Today we’re talking about Starcraft Remastered, which you can find and purchase here. But first, let me talk about my dad.
The main reason I got into games in the first place is my dad. I have very fond memories of sitting with him and watching him play World of Warcraft, along with other games. Now that I think back, he was pretty cool: even though I was in the first or second grade, he was still an avid gamer. Usually, dads seem to always be doing “dad”-like activities, such as mowing the grass or exercising. I’m proud to have a gamer dad.
Another game that I saw him play was–that’s right–Starcraft. For those of you who aren’t really familiar with it, it’s a military sci-fi media game and franchise that focuses on a galactic war between 4 different species. There are the adaptable, mobile Terrans, the insect-like Zerg, the power Protoss, and the creator race, Xel’Naga. They live in a part of the Milky Way (that’s our galaxy!) in a space known as the Koprulu Sector. The game was released by Blizzard Entertainment on March 31, 1998. Over time other games were developed, and novels were written about the games. They also designed a board game after the original StarCraft!
A lot of competitive gamers have heard about Starcraft II, which was the next installation. It’s especially popular in South Korea, where people will compete against each other and earn sponsorships while being broadcast on television. Sounds crazy, right? It’s like our League of Legends. StarCraft II has three different installments. Wings of Liberty was released in 2010, Heart of the Swarm in 2013, and Legacy of the Void released in November 2015. StarCraft remains one of the most legendary games of all time and is arguably at the top of the class of real-time strategy games. It even holds 4 Guinness World Records! That’s four more than me.
Back in those days, games were still so pixelized with some pretty poor graphics. A lot of us younger folks might be turned off from trying it because honestly, it looks pretty terrible. That’s why (cue some fanfare here) it was remastered in 4K!
Here’s the official information from the website:
“StarCraft®: Remastered upgrades the essential sci-fi strategy experience from beginning to end. Welcome back to the original game and its award-winning expansion, StarCraft: Brood War.
We’ve remastered our units, buildings, and environments, improved game audio, and broadened our supported resolutions. Illustrated interludes bring the struggles and victories of heroes like Artanis, Fenix, Tassadar, Raynor and Kerrigan to life like never before. Most importantly, the strategy gameplay that StarCraft perfected years ago remains unchanged.”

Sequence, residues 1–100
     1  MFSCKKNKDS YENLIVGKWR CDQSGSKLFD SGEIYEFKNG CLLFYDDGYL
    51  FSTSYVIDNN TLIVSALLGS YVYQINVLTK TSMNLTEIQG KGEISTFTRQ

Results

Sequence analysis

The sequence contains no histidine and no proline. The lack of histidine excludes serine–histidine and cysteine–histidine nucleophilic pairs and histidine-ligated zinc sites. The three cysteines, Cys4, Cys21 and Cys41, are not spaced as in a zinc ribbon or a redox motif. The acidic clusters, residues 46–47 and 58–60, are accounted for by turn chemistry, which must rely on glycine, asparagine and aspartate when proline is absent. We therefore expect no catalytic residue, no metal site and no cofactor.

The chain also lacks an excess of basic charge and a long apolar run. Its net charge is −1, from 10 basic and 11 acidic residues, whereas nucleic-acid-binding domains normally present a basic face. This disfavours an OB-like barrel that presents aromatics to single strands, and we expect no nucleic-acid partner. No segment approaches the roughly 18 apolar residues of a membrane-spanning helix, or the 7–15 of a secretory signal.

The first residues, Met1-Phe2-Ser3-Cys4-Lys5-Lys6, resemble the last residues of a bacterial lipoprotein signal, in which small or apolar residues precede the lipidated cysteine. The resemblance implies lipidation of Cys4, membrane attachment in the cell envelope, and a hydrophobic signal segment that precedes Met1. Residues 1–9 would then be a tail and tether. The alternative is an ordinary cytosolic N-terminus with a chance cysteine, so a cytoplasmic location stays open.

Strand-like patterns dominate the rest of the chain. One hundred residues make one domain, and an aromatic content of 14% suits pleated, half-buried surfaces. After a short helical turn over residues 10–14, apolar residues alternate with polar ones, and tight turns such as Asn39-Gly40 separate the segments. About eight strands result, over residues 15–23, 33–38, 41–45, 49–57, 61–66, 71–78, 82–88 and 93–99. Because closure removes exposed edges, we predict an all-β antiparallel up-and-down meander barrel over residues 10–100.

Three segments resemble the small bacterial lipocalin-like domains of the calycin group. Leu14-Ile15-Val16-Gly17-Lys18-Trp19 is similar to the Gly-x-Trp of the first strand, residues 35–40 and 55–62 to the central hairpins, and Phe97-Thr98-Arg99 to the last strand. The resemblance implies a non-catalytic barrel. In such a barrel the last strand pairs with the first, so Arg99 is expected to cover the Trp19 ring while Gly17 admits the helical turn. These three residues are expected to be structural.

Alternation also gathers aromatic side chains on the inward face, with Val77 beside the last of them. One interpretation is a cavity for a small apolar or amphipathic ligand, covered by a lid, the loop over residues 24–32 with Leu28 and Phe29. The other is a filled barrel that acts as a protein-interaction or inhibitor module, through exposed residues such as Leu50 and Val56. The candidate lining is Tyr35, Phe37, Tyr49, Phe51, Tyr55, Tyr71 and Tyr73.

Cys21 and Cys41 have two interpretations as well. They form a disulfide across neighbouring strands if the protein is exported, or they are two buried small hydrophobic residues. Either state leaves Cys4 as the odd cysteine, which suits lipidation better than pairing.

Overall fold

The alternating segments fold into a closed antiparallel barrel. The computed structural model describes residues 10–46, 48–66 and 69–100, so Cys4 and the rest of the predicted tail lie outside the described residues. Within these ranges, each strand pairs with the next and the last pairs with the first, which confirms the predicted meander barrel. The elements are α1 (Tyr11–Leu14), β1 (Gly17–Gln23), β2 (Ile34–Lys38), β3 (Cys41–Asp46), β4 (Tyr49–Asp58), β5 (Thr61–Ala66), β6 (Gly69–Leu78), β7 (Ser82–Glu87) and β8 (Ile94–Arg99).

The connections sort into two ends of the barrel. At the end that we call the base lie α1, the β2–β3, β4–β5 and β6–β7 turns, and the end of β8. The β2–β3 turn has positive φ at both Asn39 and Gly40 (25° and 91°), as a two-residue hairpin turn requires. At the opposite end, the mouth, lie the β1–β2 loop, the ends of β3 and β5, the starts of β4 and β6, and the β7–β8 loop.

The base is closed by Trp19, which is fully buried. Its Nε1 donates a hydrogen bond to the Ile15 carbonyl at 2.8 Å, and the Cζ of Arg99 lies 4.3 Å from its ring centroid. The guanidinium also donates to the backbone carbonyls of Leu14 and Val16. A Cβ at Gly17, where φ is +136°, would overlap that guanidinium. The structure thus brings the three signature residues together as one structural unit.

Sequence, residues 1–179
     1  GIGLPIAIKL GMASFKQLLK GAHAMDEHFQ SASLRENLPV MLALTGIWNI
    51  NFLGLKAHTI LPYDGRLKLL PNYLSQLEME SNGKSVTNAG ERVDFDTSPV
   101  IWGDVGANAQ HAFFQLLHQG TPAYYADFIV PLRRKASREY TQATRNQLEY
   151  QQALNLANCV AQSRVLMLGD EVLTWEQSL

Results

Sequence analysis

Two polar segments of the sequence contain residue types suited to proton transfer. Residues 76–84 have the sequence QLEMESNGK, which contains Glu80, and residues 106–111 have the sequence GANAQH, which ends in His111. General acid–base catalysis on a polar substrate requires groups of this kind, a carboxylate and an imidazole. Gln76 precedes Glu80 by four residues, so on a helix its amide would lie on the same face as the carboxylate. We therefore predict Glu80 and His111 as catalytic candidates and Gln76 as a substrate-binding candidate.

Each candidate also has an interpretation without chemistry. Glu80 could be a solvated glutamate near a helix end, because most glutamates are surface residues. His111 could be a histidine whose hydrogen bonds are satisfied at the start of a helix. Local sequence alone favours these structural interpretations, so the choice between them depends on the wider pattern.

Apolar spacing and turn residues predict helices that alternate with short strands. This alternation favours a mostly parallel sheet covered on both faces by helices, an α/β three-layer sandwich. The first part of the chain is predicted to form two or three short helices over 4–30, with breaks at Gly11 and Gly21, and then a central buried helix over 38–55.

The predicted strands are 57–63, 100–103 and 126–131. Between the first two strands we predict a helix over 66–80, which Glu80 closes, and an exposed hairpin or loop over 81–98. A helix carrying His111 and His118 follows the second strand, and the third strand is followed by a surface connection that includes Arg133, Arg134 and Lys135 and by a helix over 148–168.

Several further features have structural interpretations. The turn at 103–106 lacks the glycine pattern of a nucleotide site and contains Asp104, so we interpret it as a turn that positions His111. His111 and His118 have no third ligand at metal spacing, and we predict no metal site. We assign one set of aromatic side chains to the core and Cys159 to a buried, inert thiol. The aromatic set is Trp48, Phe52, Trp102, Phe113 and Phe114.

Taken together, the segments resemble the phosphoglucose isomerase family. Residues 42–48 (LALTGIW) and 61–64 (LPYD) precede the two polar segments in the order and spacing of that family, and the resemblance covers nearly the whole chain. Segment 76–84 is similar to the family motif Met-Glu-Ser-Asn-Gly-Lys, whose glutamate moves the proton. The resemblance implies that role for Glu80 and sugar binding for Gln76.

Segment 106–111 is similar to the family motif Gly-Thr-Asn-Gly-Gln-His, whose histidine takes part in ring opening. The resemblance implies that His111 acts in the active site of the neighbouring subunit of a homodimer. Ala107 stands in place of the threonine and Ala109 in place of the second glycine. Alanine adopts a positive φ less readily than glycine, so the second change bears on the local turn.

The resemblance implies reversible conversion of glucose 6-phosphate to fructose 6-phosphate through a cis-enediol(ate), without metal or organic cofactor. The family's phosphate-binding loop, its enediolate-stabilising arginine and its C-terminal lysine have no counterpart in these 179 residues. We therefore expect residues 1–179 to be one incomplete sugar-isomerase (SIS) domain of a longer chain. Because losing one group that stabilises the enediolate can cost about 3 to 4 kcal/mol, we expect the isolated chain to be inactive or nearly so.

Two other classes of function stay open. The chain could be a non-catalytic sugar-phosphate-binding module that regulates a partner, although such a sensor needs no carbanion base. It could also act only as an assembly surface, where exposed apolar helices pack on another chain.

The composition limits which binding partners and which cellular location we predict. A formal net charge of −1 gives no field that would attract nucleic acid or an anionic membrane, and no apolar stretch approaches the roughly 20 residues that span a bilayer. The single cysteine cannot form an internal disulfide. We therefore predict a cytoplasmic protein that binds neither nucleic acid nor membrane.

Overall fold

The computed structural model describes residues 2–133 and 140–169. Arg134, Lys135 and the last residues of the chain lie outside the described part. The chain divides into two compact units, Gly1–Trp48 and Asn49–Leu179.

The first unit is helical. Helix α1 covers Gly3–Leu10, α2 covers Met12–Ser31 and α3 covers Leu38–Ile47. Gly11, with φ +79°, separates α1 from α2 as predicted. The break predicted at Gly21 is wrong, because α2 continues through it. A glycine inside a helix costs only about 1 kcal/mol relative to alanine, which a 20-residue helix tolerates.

Here’s a comparison video:
There are so many pixels and the picture is just so clear. I don’t know how hard that gets on servers since there’s obviously such a huge amount of detail (maybe we should zoom in and out repeatedly). You can play different campaigns or choose to play in multiplayer mode. Here’s an interesting fact: the game audio was remastered as well. It’s amazing how much effort Blizzard made in reviving this game and bringing it into 2017.
The remaster was officially released on August 14, 2017, so just a few days ago. Some famous South Korean StarCraft players helped with its development and gave Blizzard some feedback. With the release of this remastered version, the original games became free to download and are now playable on modern computers. The remaster is available on both macOS and Windows, though I honestly don’t know how well a Mac would run StarCraft… It seems like it would overheat pretty badly. I guess if you’re an older gamer and want to revisit your childhood, you could download the original version, but when you look at the new graphics it’s kind of hard not to prefer that one instead!
A lot of commenters on different gaming sites and videos have complained that Blizzard made the remastered version too clean and pretty. There is a certain appeal in the old version in that the art was fascinating. It forced you to really imagine what was going on. In the remaster, everything is crystal clear, and sometimes the conventional designs don’t match the ideas we kept in our heads.
I think ultimately there are benefits to each version. I might stick to the old one because it helps me relive my childhood with my dad, but if you’re a newer gamer, you might just buy the remaster. After all, it’s basically StarCraft for our (and for future) generation.